We have spoken before in this blog about how difficult it can be to get your initial application for Social Security Disability benefits approved. In fact, the Social Security Administration appears to be getting stricter than ever. The agency, which administrates the SSD program, approved more than half of applications submitted in 1999. Last year, they approved just one third of applications, according to The Motley Fool.

Even legitimate claims sometimes get turned down, which means many disabled people in Missouri must file an appeal to get the payments they deserve. There are several reasons the SSA might reject a claim. Here are three common reasons. We will discuss the rest mentioned in The Motley Fool article next week.

Before applying for SSD, check your work history

The Social Security Disability Insurance program is not need-based. However, the Social Security Administration generally does require that an applicant have put in a certain amount of time earning an income before he or she can qualify for benefits, even if he or she has become disabled under the agency's definition.

One of the requirements to be approved for SSD payments is to have enough "working credits." A disabled worker must have sufficient work history, and have worked recently enough under the rules, or cannot receive SSD benefits.

How a car accident can lead to a claim for SSD benefits

When a lot of people think of the word disability, they oftentimes think of conditions or illnesses a person can be born with. But as our frequent visitors know, this isn't always the case. A person can become disabled because of a condition that develops later in life. A person can also become disabled after being involved in a motor vehicle accident as well.

As you can imagine, motor vehicle accidents extend far beyond simple fender benders. From serious pedestrian strikes to violent head-on collisions, some of the more severe crashes are likely to lead to debilitating injuries or conditions. Let's take a look at a few today.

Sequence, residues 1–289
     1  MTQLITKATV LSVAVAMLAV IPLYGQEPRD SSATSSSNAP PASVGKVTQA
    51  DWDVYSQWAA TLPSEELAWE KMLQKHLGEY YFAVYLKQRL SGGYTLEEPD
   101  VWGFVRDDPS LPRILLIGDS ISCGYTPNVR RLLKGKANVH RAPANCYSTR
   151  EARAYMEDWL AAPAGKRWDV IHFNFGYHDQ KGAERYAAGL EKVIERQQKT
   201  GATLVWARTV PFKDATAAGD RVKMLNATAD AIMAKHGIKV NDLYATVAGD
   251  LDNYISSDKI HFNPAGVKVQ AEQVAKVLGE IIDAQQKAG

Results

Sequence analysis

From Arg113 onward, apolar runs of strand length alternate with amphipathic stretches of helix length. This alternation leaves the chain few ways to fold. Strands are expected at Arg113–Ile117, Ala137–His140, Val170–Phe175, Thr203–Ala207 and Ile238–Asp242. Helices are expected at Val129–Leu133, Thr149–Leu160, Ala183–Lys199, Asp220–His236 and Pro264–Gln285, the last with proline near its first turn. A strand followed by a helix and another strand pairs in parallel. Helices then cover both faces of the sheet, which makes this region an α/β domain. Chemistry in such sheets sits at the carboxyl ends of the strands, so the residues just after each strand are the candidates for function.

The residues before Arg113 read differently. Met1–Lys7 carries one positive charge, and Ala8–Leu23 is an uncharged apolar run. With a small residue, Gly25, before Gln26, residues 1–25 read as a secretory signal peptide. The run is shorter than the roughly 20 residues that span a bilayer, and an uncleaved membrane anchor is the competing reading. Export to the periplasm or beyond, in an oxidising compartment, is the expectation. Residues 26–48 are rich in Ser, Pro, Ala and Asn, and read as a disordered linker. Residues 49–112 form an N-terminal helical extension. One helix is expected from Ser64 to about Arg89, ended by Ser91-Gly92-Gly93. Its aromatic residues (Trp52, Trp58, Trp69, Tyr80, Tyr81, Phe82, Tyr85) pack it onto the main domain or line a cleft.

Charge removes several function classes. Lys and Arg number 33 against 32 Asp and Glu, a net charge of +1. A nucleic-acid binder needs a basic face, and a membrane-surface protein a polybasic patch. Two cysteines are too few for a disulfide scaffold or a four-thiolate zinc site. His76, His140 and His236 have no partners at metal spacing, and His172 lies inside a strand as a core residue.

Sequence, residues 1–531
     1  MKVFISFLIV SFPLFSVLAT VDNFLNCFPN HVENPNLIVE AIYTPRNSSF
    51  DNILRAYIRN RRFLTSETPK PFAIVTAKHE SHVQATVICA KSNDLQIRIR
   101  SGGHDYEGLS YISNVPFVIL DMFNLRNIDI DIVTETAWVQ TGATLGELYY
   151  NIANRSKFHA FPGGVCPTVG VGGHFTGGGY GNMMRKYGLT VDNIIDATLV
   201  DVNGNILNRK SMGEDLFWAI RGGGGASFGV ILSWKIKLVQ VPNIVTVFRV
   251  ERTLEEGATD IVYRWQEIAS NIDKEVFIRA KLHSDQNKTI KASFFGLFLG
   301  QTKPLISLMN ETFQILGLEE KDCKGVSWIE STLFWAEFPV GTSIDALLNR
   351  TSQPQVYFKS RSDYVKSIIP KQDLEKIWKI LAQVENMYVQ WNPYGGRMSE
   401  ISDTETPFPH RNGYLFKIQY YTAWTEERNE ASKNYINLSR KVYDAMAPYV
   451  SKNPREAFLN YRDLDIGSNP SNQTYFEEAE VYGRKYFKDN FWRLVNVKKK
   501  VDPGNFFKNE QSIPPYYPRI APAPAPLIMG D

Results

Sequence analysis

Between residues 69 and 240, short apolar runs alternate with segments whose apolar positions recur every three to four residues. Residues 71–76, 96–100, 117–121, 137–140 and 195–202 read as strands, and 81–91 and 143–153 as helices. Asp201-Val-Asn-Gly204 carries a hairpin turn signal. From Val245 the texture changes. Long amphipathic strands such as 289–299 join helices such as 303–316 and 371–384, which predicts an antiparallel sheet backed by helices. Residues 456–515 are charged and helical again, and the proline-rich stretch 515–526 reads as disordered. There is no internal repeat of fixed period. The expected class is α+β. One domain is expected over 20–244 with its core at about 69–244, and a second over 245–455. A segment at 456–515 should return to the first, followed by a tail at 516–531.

In Missouri, wheelchairs are tax-free -- but parts are not

Missouri residents with limited mobility likely know that the state does not impose sales tax on wheelchairs and scooters. This exemption goes back to a statute that the state Legislature passed several years ago. However, the author of that bill recently learned that a loophole in the law could mean that people may have to pay taxes to get their mobility devices repaired.

It turns out that replacement parts for scooters and wheelchairs are not included in the tax exemption. According to the St. Louis Post-Dispatch, this came to light when a medical supply company in Springfield underwent an audit, and learned that it should have been collecting sales tax on parts.

White matter damage in parts of the brain may cause depression

Brain injuries can cause a wide variety of troubling symptoms that have a serious impact on victims’ lives. One of the most frightening side effects of a traumatic brain injury (TBI) is depression. There have been far too many cases of high school and college football players committing suicide after suffering head injuries on the field.

Though it has long been known that there is a link between TBI and depression, along with anxiety, just why this occurs remains unknown. Given how common this symptom is -- some psychologists estimate that up to 70 percent of TBI victims develop depression or anxiety -- figuring out the reason could help lead to treatment options.